Authorities investigating massive non secular occasion in Nashville with maskless crowds

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Authorities investigating large religious event in Nashville with maskless crowds

Health officials in Tennessee are investigating a Christian event held in downtown Nashville over the weekend that drew a large, often maskless crowd, authorities said Monday.

In a statement, the Metro Nashville Health Department said it had worked hard to slow the spread of the coronavirus and was “very concerned” by the event featuring Sean Feucht, a Christian musician who has held anti-coronavirus-lockdown events around the country and unsuccessfully ran for Congress as a Republican in Northern California this year.

The event in Nashville, which was outside at Public Square Park, was not permitted, and no one had submitted an application for the concert, the Health Department said, adding that it will pursue “appropriate penalties against the organizer.”

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Images of Sunday’s concert showed large, maskless crowds packed tightly together. In a tweet, Feucht, 37, said a police officer who was “escorting him out” said as many as 10,000 people attended.

It was not immediately clear where he was being escorted to or whether the estimate is accurate. Feucht did not immediately respond to a request for comment Monday night; neither did a spokesman for the Metro Nashville Police Department.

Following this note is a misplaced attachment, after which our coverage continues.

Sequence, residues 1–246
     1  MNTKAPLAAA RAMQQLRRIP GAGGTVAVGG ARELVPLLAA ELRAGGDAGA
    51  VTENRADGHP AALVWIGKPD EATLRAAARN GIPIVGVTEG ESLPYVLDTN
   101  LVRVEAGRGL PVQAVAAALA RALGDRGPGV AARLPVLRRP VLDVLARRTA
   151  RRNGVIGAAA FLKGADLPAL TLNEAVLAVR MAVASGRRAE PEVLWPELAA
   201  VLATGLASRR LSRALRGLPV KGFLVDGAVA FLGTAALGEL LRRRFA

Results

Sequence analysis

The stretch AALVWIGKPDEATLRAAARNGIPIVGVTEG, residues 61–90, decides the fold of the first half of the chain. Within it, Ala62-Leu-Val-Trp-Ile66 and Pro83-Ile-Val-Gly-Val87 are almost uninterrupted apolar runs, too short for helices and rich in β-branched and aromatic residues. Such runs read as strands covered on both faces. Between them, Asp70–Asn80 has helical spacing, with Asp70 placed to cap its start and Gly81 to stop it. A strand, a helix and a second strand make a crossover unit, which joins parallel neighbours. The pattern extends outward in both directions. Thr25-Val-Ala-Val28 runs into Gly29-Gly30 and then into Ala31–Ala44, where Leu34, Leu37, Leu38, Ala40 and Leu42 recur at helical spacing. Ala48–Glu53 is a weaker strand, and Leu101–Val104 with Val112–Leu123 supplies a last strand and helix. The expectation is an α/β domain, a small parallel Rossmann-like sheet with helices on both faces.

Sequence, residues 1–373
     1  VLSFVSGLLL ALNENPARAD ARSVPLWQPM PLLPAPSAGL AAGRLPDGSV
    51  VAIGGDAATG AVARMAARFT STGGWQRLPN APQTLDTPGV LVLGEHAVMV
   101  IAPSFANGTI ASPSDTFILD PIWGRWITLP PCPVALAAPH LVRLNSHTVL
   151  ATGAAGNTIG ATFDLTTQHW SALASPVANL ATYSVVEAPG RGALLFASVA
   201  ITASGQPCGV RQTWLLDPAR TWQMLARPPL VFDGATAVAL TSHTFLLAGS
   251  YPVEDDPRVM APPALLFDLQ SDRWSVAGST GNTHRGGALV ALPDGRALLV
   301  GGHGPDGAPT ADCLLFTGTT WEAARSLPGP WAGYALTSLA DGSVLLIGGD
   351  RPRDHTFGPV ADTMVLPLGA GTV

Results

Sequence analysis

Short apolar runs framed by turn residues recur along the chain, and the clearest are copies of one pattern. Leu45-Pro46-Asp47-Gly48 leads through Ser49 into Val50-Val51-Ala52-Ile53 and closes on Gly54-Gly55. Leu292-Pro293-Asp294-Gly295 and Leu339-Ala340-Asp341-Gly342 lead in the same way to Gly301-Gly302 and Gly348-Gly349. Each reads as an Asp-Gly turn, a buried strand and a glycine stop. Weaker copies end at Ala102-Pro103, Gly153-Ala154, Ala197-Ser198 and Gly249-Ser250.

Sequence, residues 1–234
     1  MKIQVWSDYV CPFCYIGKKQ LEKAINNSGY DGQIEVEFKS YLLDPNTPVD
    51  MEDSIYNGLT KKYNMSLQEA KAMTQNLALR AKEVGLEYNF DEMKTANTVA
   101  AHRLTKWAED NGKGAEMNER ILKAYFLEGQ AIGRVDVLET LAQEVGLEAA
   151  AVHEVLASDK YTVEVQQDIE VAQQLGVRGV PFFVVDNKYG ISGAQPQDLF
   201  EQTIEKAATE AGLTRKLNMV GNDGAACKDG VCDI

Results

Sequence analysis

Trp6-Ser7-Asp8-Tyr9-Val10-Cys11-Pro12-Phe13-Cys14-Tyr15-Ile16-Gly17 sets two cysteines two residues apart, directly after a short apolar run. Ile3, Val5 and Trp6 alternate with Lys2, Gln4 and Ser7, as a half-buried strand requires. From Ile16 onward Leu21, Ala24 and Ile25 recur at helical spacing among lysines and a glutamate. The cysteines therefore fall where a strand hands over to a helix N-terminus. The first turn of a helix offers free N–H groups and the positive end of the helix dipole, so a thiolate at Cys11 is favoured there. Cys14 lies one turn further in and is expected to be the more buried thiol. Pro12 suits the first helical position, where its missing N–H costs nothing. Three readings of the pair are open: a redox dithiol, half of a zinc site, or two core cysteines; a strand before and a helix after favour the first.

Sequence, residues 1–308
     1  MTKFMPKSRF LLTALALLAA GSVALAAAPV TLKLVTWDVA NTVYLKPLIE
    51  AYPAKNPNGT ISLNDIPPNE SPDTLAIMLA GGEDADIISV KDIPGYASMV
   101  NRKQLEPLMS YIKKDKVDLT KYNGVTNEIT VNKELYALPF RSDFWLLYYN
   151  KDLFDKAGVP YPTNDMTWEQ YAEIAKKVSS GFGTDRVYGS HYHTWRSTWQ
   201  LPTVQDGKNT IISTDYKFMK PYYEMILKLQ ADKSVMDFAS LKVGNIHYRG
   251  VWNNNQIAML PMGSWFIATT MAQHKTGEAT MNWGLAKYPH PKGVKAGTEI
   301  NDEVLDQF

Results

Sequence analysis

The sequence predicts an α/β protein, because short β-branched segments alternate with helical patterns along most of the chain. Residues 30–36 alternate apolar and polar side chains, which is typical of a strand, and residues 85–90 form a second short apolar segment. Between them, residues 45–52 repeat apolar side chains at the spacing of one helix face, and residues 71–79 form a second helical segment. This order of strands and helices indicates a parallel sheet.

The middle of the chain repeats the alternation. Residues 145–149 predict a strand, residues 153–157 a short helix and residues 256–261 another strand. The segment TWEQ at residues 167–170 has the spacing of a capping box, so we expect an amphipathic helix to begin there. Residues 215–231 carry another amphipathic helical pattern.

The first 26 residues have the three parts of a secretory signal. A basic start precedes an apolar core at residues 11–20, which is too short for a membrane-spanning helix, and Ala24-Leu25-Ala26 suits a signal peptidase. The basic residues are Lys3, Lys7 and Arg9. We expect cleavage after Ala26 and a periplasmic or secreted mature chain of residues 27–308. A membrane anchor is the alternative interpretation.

Police Chief John Drake said in a statement released earlier that the police department was “not present” at the concert.

“I am greatly disappointed that the organizer of Sunday’s event and those in attendance did not better prioritize their health and the health of others through social distancing and the wearing of face coverings,” he said. “Personal responsibility is a necessity regardless of the purpose for a public event.”

Davidson County, where Nashville is located, has recorded just over 28,000 coronavirus cases and 321 deaths since the pandemic began, according to the Johns Hopkins University Coronavirus Resource Center.

Statewide data from the university shows a steady increase in the number of new daily cases over the last week and a near-record number of new deaths. One-hundred and ninety people died during that period, down from the highest tally of the pandemic — 213 from Sept. 6 to Sept. 12.

Feucht has held similar concerts around the United States, including in Seattle, where a Labor Day event to protest coronavirus restrictions on church services ended with what he called a “worship protest” after authorities denied him a venue, according to Religion News Service.

Several more events are scheduled by the end of the month, including one on the National Mall in Washington, D.C.

RNS said the events are a “mix of Christian concert, healing service, guerrilla street theater and spectator mosh pit” and “feature the kind of public singing forbidden under many COVID-19 regulations.”

Feucht has been a volunteer worship leader at Bethel Church in Redding, California, about three hours north of Sacramento, although the church distanced itself from him in July after he hosted an event called “Let Us Worship,” which the church said did not appropriately follow a plan for social distancing and mask-wearing.

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